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[Op-Ed] Walking-on-the-Right Rule

Posted April. 30, 2009 09:13,   


“Cars are on the right, people are the left.” This is a rule Koreans have heard so many times, but the statute is set for change with a walk-on-the-right rule for the first time in 88 years. In 1921, Japanese colonial rule began the rule on walking on the left. The habit of walking on the left and walking etiquette must be changed. The shift is not mandatory, however, and walking on the left is not banned. Escalators or entrance doors need to be renovated. The Presidential Committee on National Competitiveness told President Lee Myung-bak of the change as part of a plan to advance the traffic management system.

Before the Japanese colonial government adopted the walk-on-the-left rule, Koreans walked on the right. Walking on the left was the rule of the Korean Empire in 1905, but Japan changed it to its style. In 1946, the U.S. military government changed the rule for cars to the right but left the rule unchanged for pedestrians. The Korean military government in 1961 said, “Pedestrians must walk on the left on roads without sidewalks,” when it legislated the road traffic law. Since then, the walk-on-the-left rule has taken root.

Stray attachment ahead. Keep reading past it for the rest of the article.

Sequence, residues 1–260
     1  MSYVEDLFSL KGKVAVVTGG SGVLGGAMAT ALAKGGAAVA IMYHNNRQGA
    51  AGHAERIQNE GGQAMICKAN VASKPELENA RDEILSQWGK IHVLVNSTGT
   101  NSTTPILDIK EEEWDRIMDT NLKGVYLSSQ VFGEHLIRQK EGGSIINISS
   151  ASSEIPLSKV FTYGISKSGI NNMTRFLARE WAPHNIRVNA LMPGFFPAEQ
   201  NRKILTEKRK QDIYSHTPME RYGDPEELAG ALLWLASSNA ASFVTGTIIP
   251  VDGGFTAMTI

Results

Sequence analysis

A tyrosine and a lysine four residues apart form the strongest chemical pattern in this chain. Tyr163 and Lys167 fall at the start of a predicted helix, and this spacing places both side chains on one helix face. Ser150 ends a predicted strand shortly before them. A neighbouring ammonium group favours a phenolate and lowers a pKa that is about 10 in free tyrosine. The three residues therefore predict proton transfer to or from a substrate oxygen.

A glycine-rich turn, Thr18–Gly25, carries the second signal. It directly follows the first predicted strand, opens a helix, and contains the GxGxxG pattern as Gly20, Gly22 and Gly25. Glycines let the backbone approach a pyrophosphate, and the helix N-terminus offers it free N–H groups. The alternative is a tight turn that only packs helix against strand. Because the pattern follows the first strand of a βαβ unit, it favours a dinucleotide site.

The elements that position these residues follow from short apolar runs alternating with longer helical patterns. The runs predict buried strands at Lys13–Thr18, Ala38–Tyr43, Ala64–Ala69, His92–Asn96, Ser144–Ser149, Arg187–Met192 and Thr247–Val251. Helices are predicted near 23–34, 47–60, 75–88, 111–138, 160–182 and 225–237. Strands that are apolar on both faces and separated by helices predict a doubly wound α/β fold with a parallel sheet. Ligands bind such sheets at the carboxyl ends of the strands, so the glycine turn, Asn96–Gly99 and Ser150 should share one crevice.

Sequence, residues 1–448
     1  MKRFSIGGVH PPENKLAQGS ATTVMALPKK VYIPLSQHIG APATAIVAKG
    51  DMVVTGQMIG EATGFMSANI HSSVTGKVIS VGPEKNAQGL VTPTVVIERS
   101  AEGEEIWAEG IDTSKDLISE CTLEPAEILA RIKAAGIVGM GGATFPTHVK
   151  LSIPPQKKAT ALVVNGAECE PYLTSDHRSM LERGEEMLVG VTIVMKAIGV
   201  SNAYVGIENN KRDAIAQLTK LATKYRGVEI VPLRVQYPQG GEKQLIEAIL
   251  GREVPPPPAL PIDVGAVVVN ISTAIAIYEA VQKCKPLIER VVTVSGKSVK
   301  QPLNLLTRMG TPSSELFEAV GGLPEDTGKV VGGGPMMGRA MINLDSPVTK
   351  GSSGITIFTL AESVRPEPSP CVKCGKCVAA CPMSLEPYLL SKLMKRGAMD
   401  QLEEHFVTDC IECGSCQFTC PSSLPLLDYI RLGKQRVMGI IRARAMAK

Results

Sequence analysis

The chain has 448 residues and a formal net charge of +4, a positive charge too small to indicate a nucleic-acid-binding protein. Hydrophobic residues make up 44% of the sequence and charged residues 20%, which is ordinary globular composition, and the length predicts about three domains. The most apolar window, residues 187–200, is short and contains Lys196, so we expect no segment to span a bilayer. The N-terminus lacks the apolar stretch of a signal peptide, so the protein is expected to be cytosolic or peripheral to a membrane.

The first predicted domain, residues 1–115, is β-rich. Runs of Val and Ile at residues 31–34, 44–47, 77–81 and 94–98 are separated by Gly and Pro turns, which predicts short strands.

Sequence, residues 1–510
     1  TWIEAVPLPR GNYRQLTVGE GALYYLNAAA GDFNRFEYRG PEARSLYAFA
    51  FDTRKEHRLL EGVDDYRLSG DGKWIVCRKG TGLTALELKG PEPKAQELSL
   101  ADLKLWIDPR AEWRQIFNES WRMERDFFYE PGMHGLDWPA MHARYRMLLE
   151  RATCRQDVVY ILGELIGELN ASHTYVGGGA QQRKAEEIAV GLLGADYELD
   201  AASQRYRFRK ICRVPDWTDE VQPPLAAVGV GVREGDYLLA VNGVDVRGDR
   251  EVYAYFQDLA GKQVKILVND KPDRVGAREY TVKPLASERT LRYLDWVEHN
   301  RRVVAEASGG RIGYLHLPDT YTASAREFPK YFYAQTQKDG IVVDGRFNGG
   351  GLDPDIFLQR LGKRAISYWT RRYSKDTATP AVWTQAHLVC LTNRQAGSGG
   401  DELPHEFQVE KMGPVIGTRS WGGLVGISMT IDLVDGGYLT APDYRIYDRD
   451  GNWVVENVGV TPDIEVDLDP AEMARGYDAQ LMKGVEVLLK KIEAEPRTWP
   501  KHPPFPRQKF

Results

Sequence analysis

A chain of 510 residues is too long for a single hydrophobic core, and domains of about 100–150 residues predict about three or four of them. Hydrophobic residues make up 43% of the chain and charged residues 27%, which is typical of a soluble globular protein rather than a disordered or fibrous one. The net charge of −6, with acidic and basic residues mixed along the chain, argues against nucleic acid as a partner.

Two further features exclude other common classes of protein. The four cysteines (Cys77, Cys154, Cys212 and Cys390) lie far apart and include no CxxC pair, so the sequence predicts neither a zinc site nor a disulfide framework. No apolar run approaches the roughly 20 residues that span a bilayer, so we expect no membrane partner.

Scientific studies have found that walking on the right is better because many people are right-handed and due to higher traffic safety. Right-handed people feel more comfortable when they walk on the right. Some surveys show that walking on the right reduces traffic accidents 20 percent. If pedestrians who walk on the sidewalk go on the left side, they are likely to be hit from behind by a car rushing to the sidewalk because they cannot see the car coming. But those who walk on the right walk while facing cars. Since they walk watching cars, they are at lower risk of accident.

Pedestrians in most major economies - the United States, France, Canada, Japan and China - walk on the right but only Britons walk on the left. This is a time-honored tradition that cannot be changed easily. Japanese colonial rule mandated all wagons and rickshaws to hang a flag reading “walk on the left.” The majority follows the rule when there is a sign or line such as transfer paths of subway stations, but people walk freely on the sidewalk. Seoul`s Songpa district, which was certified as a safe city by the World Health Organization, began a campaign of “walk-on-the-right” two years ago. It will be helpful if the district shares its experience with the whole country.

Editorial Writer Park Yeong-kyun (parkyk@donga.com)